By Connor Lynch
OTTAWA — Canadian farmers are going to have back-to-back years of falling farm income but the drop from a record high still means 2017 will be the fourth-best income earning year for Canadian farmers.
That’s according to Agriculture and Agri-Food Canada’s 2017 outlook report that pegs 2016 and 2017 as declining income years, largely in livestock. Total net cash income for Canadian farms was estimated at $14.8 billion last year, and that’s expected to drop to $13.8 billion in 2017, a seven per cent decrease.
Despite that, agriculture is still riding high. 2016 will still be the second-best year on record for net cash income, and even a $1 billion drop in 2017 would put it at the fourth-best year on record for Canadian agriculture. The best year on record for net cash income on the farm was 2015, which saw Canadian farmers rake in $15.1 billion.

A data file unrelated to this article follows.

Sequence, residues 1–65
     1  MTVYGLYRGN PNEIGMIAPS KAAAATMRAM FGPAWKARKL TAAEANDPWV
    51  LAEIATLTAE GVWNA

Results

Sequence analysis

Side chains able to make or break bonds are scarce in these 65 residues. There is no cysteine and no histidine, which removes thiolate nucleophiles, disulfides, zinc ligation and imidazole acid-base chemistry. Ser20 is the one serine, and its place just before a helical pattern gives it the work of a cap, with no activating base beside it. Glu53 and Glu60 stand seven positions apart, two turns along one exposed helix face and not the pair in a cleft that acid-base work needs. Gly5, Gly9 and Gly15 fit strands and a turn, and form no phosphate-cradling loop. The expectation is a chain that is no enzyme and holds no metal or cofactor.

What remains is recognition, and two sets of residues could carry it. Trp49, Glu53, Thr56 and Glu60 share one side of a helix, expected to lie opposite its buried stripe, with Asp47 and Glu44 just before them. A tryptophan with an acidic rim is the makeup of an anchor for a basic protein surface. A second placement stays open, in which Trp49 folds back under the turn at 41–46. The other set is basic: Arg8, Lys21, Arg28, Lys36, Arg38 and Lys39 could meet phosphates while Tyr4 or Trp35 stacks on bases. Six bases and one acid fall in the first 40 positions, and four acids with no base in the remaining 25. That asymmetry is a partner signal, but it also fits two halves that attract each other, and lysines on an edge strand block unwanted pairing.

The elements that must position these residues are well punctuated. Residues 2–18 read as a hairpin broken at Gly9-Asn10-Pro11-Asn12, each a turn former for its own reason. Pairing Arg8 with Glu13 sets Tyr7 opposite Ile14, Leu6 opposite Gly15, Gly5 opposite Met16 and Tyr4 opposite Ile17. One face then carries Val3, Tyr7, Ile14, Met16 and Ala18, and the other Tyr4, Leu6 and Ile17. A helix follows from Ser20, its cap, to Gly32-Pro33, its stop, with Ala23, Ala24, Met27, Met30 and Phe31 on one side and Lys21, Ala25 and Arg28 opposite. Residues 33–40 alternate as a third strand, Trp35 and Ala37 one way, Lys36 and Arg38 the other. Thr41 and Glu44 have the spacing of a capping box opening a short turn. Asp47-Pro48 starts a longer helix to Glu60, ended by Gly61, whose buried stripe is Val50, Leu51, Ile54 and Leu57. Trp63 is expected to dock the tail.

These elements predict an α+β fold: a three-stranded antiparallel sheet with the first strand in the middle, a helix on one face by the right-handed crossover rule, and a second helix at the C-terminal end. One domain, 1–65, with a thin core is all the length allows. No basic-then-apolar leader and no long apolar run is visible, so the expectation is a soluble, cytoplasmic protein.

When commodity prices dropped in 2015, a similar drop in the dollar shielded farmers from the worst of it. But the loonie is expected to be stable this year, which puts farmers at greater risk of international price fluctuations.
Ontario’s total net farm income is expected to drop significantly. In 2016, it was estimated at a 25 per cent decrease from 2015, going from $1.2 billion to $903 million. That’s expected to fall even more in 2017, going down to $508.5 million, a 44 per cent decrease from 2016.
Across Canada, crop receipts are looking good. Prices are expected to go down but receipts were estimated at $32.6 billion in 2016 and those are expected to creep up to $32.9 billion in 2017. Crop prices are still well above what they were in the 1990s and 2000s.
Livestock is going to be the hardest-hit sector, in particular the beef sector, as American slaughter rates continue to soar. Receipts were expected to fall across sectors by 7 per cent in 2016 to $23.9 billion, and that’s expected to drop another 4 per cent in 2017 to $22.8 billion.
Cattle and calf prices saw an estimated 21 per cent drop in 2016. That’s expected to turn into a decline in cattle receipts for 2017 of 13 per cent, which would bring them down to just under $8 billion.